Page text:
12 Hence H 0 and the generators i / xj 0 P j = 0 i / x j + k j 3. of τ j s can simultaneously be diagonalized. Thus, if we introduce the Hilbert space K = C L 2 R 3 and the unitary operator U : H L 2 R 3 p ; K = R 3 Kdp by.3, then we have the direct integral decomposition UH 0 U = R 3 H 0 pdp as in.4, where H 0 p = 2 p2 0 0 p + 2 k2 + k 0 µ g0 H µ g p+t, 3.2 and T is a rank two perturbation of H 00 p. H 0 p is essentially the operator known as the Friedrichs model. Thus, it is standard to compute its resolvent and, if we write H 0 p z f ũ0 p, z, f0, =, f =, 3.3 ũ p, k, z f k we have ũ 0 p, z = ũ p, k, z = f0 µ F p, z g 0 k f kdk p, k2 + k z f k p 2 k2 + k z µg 0kũ 0 p, z p 2 k2 + k z Proof of Theorem.2 We prove here Theorem.2 on the spectrum of a reduced operator H 0 p. In what follows ρ c is the threshold momentum defined in Lemma 2.4. As was shown in Lemmas 2.2 and 2.4, F p, z is an analytic function of z C \ [λ c p,, it has a simple zero at λ p, when p <ρ c, and has no zero, when p ρ c. It follows from that C \ [λ c p, z H 0 p z is meromorphic with a simple pole at λ p, if p <ρ c,and that it is holomorphic, if p ρ c. Hence:. If p <ρ c, H 0 p has an eigenvalue λ p, and,λ c p \{λ p} ρh 0 p, the resolvent set of H 0 p. 2. If p ρ c,,λ c p ρh 0 p. 2
13 By virtue of , we can compute the eigenprojection E p for H 0 p associated with the eigenvalue λ p as follows: E p = slim z λ ph 0 p z = e p e p. z λ p Thus λ p issimple,ande p is a normalized eigenvector, see.6 and 2.3. Due to the decomposition 3.2 it is clear that σ ess H 0 p = [λ c p,. Using Mourre theory [4] we show in Lemma 3. that [λ c p, isanabsolutely continuous component of the spectrum, the singular continuous spectrum is empty, and eigenvalues are discrete in this set. In the following Lemma 3.3 we then show that there are no eigenvalues embedded in [λ c p,. This concludes the proof of the theorem. We take η C R 3 such that ηk =for k > andηk =0for k < /2 and define a vector field X r k onr 3 by X r k =ηk/r k Gp, k for a small parameter r>0. Recall that Gp, k = p 2 k2 + k. Wethen define a oneparameter family of auxiliary operators A r by 0 0 A r =, A 0 A r = i r 2 X rk k + k X r k, and let D = C C 0 R 3. The vector field X r k issmooth,x r k =0 when k <r/2, and its derivatives are bounded. Hence it generates a flow k Φ r t, k of global diffeomorphisms on R 3, such that Φ r t, k =k for k <r/2, and for some c>0 e c t k Φ r t, k e c t k, e c t k Φ r t, k e c t 3.6 for all k R 3 and t R. It follows that if we define c c J r t =, uk det k Φ r t, kuφ r t, k then J r t is a strongly continuous unitary group on K, such that J r td = D, t R, and it satisfies i d c 0 dt J rt =. uk t=0 A r uk Thus A r is essentially selfadjoint on D, and we denote its closure again by A r, such that J r t =e itar. Lemma 3.. Let I be a bounded open interval such that I λ c p, \ {p 2 /2}. Then there exist r>0, such that A r is a conjugate operator of H 0 p at E I in the sense of Mourre, viz. 3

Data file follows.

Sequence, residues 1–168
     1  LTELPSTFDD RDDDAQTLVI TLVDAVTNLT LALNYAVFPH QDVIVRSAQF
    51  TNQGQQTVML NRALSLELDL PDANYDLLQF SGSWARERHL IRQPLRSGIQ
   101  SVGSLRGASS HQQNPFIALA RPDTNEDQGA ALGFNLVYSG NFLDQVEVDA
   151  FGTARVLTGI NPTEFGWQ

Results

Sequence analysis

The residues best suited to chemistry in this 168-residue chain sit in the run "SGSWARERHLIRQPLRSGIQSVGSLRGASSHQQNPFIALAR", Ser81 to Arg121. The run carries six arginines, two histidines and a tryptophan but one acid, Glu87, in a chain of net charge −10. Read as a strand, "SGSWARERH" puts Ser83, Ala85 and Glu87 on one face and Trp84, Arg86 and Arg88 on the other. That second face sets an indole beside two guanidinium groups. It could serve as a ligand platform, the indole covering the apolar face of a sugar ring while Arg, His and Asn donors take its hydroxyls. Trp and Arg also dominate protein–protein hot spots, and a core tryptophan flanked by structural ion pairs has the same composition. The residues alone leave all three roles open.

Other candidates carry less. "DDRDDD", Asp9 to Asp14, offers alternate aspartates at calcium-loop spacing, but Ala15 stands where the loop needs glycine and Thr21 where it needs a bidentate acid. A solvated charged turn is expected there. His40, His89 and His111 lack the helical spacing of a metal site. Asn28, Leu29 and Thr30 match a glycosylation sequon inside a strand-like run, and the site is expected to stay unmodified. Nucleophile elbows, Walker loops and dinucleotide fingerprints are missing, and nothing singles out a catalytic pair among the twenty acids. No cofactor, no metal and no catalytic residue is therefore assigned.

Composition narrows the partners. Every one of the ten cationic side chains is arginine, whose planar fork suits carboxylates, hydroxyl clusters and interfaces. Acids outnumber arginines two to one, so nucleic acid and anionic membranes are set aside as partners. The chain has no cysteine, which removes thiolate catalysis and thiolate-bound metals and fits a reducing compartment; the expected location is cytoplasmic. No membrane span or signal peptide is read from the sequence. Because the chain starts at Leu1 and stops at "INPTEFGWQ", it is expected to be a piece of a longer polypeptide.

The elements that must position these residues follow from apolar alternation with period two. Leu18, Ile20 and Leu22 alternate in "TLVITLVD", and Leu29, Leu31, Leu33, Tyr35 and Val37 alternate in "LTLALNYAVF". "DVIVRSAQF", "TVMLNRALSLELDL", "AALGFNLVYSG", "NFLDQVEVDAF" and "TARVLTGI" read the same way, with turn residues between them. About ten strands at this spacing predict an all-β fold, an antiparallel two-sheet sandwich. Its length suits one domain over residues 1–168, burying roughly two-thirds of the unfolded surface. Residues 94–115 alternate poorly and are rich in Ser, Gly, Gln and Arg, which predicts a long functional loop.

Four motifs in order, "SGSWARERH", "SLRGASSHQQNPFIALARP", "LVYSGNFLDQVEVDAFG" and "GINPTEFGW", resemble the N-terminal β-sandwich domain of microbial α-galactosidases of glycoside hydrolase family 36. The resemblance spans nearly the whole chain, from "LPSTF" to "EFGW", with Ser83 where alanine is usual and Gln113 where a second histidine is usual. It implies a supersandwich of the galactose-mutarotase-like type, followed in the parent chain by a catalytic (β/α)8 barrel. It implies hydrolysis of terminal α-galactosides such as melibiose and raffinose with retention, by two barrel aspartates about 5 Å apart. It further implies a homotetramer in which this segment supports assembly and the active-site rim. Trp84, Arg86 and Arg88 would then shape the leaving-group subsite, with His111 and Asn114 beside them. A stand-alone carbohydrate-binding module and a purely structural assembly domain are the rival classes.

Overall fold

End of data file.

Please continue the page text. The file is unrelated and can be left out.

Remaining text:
14 D is a core of both A r and H 0 p. 2 We have that e itar DH 0 p DH 0 p, andsup t < H 0 pe itar u < for u DH 0 p. 3 The form i[h 0 p, A r ] on D is bounded from below and closable, and the associated selfadjoint operator i[h 0 p, A r ] 0 satisfies Di[H 0 p, A r ] 0 DH 0 p. 4 The form, defined on DA r DH 0 p by [[H 0 p, A r ] 0, A r ],isbounded from DH 0 p to DH 0 p. 5 There exist α>0, δ>0, and a compact operator K, such that P E,δi[H 0 p, A r ] 0 P E,δ αp E,δ+P E,δKPE,δ, where P E,δ is the spectral projection of H 0 p for the interval E δ, E + δ. Thus λ c p, σ ac H 0 p, σ sc H 0 p λ c p, =, and the point spectrum of H 0 p is discrete in λ c p, \{p 2 /2}. Proof. We first show statements 4 hold for A r for any r>0. is obvious. 2 is also evident because DH 0 p = C L 2 2 R3 andthe diffeomorphisms k Φ r t, k satisfy the bound 3.6. On D we compute the commutator 0 0 i[h 00 p, A r ]= Lp i[gp, k,a r ] Here we have i[gp, k,a r ]=ηk/r k Gp, k 2 = ηk/r k + ˆk p 2 0, 3.8 and it behaves like k + 2 for large k. Since g 0 k =χk/ k, χ is smooth and decays rapidly at infinity and X r k =0for k <r/2, it follows that A r g 0 is C and rapidly decaying at infinity, such that 0 µ Ar g i[t,a r ]= 0 µ A r g 0 0 has an extension to a bounded rank two operator. Thus i[h 0 p, A r ] is bounded from below, closable, and the associated selfadjoint operator has the same domain as H 0 p. This proves 3. 4 holds due to 3.8 and the arguments used in establishing 3. 4
15 To prove 5, fix p R 3 and E λ c p, \{p 2 /2}. Recall λ c p isthe unique minimum of k Gp, k andλ c = p 2 /2 is attained by k =0if p, and λ c p = p /2 is attained by the unique solution k = k c p = p ˆp of k Gp, k =k + ˆk p =0,if p, see 2.2. Then E Gp, 0 and E Gp, k c p and, by continuity, there exist r>0andδ>0, such that and such that 0 <δ< 2 min{ E 2 p2, E λ c p }, 3.9 Gp, k E > 2δ if k < 2r or k k c p < 2r. 3.0 Then Gp, k E 2δ implies k > 2r and k k c p > 2r, and hence ηk/r k Gp, k 2 = k Gp, k 2 r Indeed, for p +r, k > 2r implies k Gp, k k + ˆk p +2r p r and, if p +r, wehavep = k c p+ˆk c p and k Gp, k = k + ˆk k c p ˆk c p k k c p > 2r. Thus, if φ 0 C0 R is such that φ 0 λ =0for λ > 2δ, wehave 0 0 φ 0 H 00 p E = 0 φ 0 Gp, k E and, by virtue of 3., φ 0 H 00 p ELpφ 0 H 00 p E r 2 φ 0 H 00 p E 2. Thus, if we choose r and δ as above, statement 5 holds with α = r 2 and this δ by virtue of the following lemma. Lemma 3.2. Let φ C0 R, andletlp be given by 3.7. operator Lp{φH 0 p φh 00 p} is a compact operator. Then the Proof. Let φ be a compactly supported almost analytic extension of φ. Then writing R 0 p, z =H 00 p z and Rp, z =H 0 p z,wehave φh 0 p φh 00 p = z φzr0 p, ztrp, zdz dz, 3.2 2πi C see [4, Theorem 8.]. Here R 0 p, z commuteswithlp andlpt is a compact operator, as T is of rank two, and Ran T DLp. Since 3.2 is the norm limit of the Riemann sums, the lemma follows. 5